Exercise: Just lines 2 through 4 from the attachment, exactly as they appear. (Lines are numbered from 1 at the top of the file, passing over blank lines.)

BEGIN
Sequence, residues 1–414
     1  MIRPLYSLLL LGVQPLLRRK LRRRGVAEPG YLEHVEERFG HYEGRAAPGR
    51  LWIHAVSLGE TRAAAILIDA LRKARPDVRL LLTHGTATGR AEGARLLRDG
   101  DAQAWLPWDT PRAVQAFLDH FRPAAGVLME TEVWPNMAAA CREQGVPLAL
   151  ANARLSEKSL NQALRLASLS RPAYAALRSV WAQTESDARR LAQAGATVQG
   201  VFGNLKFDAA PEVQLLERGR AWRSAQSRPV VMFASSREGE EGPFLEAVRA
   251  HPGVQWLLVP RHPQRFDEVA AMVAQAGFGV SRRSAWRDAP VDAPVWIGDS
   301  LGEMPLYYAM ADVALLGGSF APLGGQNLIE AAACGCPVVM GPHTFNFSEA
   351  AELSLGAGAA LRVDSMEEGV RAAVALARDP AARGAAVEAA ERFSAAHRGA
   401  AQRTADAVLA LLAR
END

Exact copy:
     1  MIRPLYSLLL LGVQPLLRRK LRRRGVAEPG YLEHVEERFG HYEGRAAPGR
    51  LWIHAVSLGE TRAAAILIDA LRKARPDVRL LLTHGTATGR AEGARLLRDG
   101  DAQAWLPWDT PRAVQAFLDH FRPAAGVLME TEVWPNMAAA CREQGVPLAL